CHARLOTTE, N.C. — North Carolinians who need emergency help paying their rent can now apply for a second round of Housing Opportunities and Prevention of Evictions (HOPE) financial assistance.
But as the state opens a second application period for the program, some residents are still waiting to get paid from the first round, even after North Carolina announced improvements that were supposed to speed up the process.
Rick Howe, who is a landlord, said he recently received his $7,700 he applied for and only after WCNC Charlotte advocated on his behalf.
"We had waited since December," the recent retiree said. "They said two to six weeks. Certainly, we figured we would get paid by February. We couldn't even find out any information until you got involved."
Howe said he rents out one townhouse. He was banking on the HOPE payment to offset his mortgage, but with the pandemic halting rent, his money and patience started to run out.
"I was like, 'Where's the check? Did you send the check?'" Howe shared.
Like so many renters before him, the landlord turned to WCNC Charlotte for help.
Overwhelmed from the start, the HOPE Program has struggled to meet the demand. Since December 2020, the state has hired new employees and changed its system. Even so, the state reports roughly $400,000 in financial assistance is pending delivery.
Greater Charlotte Apartment Association executive director Kim Graham anticipated the HOPE program's changes earlier this year would improve things for landlords, but she said that hasn't materialized.
"We haven't seen any improvements in the program," Graham said this week. "It would be great to see some improvement."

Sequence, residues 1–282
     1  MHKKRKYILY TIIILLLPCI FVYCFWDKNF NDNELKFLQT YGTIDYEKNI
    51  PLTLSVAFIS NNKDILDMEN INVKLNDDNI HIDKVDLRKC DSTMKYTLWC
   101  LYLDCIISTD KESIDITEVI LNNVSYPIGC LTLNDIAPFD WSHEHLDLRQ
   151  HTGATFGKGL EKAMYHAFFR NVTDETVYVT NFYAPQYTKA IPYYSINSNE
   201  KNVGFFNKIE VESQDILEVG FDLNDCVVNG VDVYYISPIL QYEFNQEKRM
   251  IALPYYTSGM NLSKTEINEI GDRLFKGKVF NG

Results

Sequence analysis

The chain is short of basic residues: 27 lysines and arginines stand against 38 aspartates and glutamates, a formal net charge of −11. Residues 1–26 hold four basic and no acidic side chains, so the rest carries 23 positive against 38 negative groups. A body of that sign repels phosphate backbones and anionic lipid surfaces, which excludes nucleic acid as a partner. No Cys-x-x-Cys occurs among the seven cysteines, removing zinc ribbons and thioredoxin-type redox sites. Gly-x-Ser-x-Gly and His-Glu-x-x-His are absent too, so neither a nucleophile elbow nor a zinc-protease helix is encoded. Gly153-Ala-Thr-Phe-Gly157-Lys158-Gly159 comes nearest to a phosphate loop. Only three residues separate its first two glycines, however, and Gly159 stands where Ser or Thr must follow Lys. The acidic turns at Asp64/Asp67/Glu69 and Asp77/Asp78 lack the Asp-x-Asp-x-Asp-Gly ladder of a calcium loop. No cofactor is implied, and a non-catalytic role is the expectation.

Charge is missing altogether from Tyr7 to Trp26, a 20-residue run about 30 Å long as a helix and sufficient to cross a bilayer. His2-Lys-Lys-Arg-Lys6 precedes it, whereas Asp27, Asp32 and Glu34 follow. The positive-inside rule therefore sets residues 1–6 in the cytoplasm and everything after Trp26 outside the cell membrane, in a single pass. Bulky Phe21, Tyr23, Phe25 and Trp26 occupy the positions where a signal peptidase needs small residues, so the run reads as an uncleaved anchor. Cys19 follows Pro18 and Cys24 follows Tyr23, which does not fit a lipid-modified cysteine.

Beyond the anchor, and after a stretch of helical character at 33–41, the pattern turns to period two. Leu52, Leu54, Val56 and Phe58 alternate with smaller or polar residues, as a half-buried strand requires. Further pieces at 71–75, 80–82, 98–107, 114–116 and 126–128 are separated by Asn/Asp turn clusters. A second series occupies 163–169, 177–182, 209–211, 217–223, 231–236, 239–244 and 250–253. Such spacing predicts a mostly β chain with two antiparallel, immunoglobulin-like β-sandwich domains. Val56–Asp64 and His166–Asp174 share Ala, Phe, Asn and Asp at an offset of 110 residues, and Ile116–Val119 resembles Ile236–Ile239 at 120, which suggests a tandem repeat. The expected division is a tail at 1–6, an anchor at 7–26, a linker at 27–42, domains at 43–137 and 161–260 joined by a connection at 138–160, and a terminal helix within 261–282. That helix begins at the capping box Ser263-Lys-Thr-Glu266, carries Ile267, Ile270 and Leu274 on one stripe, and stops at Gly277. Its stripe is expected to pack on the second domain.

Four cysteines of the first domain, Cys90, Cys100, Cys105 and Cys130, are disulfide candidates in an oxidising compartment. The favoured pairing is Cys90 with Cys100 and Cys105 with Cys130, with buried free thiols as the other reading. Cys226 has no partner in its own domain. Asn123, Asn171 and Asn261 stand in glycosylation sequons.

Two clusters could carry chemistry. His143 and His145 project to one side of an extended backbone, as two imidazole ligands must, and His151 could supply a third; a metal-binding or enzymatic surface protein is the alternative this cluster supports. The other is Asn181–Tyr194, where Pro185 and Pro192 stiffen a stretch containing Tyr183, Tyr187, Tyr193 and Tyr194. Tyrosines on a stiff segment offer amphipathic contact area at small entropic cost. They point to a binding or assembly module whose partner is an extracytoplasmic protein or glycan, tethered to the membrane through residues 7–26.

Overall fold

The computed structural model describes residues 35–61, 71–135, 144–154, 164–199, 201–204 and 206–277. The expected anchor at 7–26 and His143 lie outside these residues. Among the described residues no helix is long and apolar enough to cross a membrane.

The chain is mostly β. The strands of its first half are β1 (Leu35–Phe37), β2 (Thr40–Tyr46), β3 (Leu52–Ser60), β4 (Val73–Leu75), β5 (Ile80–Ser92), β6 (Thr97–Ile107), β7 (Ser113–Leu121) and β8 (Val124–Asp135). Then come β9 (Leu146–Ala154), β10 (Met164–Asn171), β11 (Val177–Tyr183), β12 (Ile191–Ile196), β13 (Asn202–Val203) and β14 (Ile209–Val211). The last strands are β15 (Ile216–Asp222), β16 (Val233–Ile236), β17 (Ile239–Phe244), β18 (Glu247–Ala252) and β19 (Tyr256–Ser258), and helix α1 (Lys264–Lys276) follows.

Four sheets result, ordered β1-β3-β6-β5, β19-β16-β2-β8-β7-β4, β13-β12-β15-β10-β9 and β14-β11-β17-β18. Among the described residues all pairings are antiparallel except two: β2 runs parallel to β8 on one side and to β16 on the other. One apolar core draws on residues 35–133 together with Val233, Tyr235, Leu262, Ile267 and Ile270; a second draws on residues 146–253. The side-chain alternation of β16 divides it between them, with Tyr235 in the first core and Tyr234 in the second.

WCNC Charlotte is always asking "where's the money?" If you need help, reach out to the Defenders team by emailing firstname.lastname@example.org.
Much like the North Carolina Office of Recovery and Resiliency chief operating officer Laura Hogshead said in March, a program spokesperson recently told WCNC Charlotte proper documentation is critical to the process.
"The HOPE program is quickly wrapping up final payments from the first application period, with a goal of completing those by the end of the week," the spokesperson said. "In most instances, the remaining cases have required additional documentation, correction of forms or follow-up with landlords and applicants to ensure payments are going to the correct parties. The program must meet all federal requirements before funds can be paid."
Thankfully, Howe doesn't have to wait any longer. He said the state eventually mailed his check after WCNC Charlotte reached out on his behalf.
"They apologized for it," Howe said. "They had just been overloaded. That was what they said."
If you would like to apply for the second round of HOPE funding, you can do so by visiting the HOPE program website.